International Humanity

A Blog Started to Record my thoughts on International News events

Analyzing Japan’s Attitude towards recent North Korea Pact

Posted by alexfrancis on February 15, 2007

Source: and note: may need to register on the New York Times website to view this article

On Teusday February 13, 2007 a pact resulting of a six-nation summit meeting in Beijing was made with North Korea that will require North Korea to freeze its production of plutonium at its nuclear facility in Yongbyon and to allow international inspectors to monitor and verify its compliance. In exchange, North Korea will receive  food and fuel aid from all the other countries present at the Beijing summit, except Japan.

While, the United States, China, South Korea and Russia agreed to provide North Korea with the food and fuel aid promised in the pact, Japan did not agree to the aid package, saying that it first needs to work out the issue of North Korea’s past abductions of Japanese citizens, an event that took place in the 1970’s.

In effect, Japan has caused unrest between states as a result of its demanding that this issue of abduction, not even related to the nuclear pact, be addressed at the summit.

At an individual level of analysis, the background of Japanese Prime Minister Shinzo Abe’s rise to power can help to explain Japan’s current stubbornness concerning the abduction issue. Abe has won the support of the Japanese people in large part by focusing on the abduction of Japanese citizens throughout his political career. Because Abe’s popularity depends on this issue, it is not likely that Japan will be satisfied with compromise.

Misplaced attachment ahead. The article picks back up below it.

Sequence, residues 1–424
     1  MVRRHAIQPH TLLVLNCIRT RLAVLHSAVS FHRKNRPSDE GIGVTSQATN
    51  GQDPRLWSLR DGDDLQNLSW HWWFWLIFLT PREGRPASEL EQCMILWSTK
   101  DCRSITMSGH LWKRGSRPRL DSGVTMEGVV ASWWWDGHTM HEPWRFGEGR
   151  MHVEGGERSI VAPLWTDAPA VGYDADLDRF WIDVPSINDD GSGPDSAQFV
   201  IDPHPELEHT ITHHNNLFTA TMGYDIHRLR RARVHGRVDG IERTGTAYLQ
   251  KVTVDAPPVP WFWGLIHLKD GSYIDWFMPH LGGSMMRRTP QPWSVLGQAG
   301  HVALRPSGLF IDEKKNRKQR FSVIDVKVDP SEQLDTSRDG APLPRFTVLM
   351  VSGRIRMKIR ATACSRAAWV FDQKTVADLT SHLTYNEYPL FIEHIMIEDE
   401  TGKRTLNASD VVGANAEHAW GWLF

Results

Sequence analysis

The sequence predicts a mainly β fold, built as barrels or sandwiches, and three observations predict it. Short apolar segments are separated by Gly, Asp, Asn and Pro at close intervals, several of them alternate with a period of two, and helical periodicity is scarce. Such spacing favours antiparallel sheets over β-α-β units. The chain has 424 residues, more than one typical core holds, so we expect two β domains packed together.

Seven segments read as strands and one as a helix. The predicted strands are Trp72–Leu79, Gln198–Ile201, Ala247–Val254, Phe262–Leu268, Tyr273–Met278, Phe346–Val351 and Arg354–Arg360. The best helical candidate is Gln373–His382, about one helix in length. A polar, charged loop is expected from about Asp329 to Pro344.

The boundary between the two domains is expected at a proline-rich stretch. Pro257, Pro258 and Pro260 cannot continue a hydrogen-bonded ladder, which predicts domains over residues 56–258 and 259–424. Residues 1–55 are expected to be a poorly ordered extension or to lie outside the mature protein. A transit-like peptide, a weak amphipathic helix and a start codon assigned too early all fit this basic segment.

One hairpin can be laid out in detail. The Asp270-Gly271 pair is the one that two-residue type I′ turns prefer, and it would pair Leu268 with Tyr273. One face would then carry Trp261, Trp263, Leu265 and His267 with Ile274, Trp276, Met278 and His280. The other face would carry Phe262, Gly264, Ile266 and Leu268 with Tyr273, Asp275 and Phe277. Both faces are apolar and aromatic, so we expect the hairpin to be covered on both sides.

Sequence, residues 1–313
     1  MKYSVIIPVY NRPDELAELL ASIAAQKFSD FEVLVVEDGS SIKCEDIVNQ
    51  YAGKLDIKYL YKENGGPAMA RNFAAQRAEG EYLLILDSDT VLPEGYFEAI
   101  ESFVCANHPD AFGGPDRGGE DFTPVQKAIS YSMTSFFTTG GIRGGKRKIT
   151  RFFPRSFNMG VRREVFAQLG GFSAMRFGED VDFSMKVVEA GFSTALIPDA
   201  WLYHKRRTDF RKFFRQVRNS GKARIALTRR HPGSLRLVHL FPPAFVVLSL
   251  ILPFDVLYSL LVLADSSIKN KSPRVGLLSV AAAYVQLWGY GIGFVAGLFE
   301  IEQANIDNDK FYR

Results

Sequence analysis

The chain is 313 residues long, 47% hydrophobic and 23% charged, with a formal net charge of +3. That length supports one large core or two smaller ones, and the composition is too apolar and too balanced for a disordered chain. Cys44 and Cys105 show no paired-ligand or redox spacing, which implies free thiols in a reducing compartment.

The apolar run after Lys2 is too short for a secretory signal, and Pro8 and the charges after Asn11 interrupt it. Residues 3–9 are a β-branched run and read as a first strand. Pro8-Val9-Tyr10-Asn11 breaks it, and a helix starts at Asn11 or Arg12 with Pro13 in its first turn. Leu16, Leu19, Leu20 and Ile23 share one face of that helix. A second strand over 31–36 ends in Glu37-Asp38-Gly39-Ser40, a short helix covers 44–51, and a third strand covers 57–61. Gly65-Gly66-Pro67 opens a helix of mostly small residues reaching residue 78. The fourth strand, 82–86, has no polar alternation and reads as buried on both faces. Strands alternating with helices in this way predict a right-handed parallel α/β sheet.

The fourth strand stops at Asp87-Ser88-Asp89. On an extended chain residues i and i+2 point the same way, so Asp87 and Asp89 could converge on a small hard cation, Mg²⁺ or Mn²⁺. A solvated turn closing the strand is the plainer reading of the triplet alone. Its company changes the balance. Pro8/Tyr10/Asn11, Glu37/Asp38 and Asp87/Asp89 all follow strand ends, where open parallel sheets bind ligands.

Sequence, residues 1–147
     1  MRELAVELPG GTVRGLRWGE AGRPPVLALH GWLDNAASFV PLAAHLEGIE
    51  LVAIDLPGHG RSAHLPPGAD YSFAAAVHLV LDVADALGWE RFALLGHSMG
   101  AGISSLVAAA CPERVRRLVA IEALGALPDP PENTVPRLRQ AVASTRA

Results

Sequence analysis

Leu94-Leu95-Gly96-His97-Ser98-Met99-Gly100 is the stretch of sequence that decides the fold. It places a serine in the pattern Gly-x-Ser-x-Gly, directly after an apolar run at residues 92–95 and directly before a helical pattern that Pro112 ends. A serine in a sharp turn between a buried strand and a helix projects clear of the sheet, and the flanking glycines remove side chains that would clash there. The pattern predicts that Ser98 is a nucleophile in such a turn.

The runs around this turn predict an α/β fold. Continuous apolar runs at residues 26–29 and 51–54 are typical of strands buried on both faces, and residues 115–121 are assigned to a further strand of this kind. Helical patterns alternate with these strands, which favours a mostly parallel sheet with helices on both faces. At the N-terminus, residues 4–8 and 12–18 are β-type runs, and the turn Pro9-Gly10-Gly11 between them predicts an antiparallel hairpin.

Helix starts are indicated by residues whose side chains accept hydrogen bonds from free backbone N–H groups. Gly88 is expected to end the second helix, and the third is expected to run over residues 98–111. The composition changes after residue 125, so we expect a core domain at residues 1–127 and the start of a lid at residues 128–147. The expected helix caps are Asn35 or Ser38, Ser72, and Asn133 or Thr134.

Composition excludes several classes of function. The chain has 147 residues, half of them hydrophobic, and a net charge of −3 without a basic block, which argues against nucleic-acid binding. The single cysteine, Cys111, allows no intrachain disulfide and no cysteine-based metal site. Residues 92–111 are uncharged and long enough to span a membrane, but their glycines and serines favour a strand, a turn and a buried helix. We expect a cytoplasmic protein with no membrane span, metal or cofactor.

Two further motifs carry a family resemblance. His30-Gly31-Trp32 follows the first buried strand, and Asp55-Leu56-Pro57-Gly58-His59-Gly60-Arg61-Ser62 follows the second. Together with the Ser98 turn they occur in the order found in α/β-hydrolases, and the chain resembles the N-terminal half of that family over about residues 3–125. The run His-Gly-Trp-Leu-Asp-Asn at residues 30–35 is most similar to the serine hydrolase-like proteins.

A brief summary of the issue is that North Korea has acknowledged kidnapping a dozen Japanese in the 70’s and returned five survivors four years ago, saying the rest had died,  but Japan says more survivors remain and that it will not normalize relations with North Korea unless the abducted Japanese were accounted for.

Japan’s unwillingness to fulfill its part in the pact with North Korea is the result of the narrow agenda in foreign policy as directed by Shinzo Abe. Japan used this international summit as an opportunity to focus on the abductions, despite their complete irrelevance to the pact at hand.

Yet, I see Japan as the one whose losing in this picture. After all, four other countries have agreed to supplying the food and fuel supplies owed to North Korea in the pact; thus Japan really has become isolated on the issue.

closing ceremonies of nuclear pact Photo by Andrew Wong: Closing Ceremonies of Korea Pact

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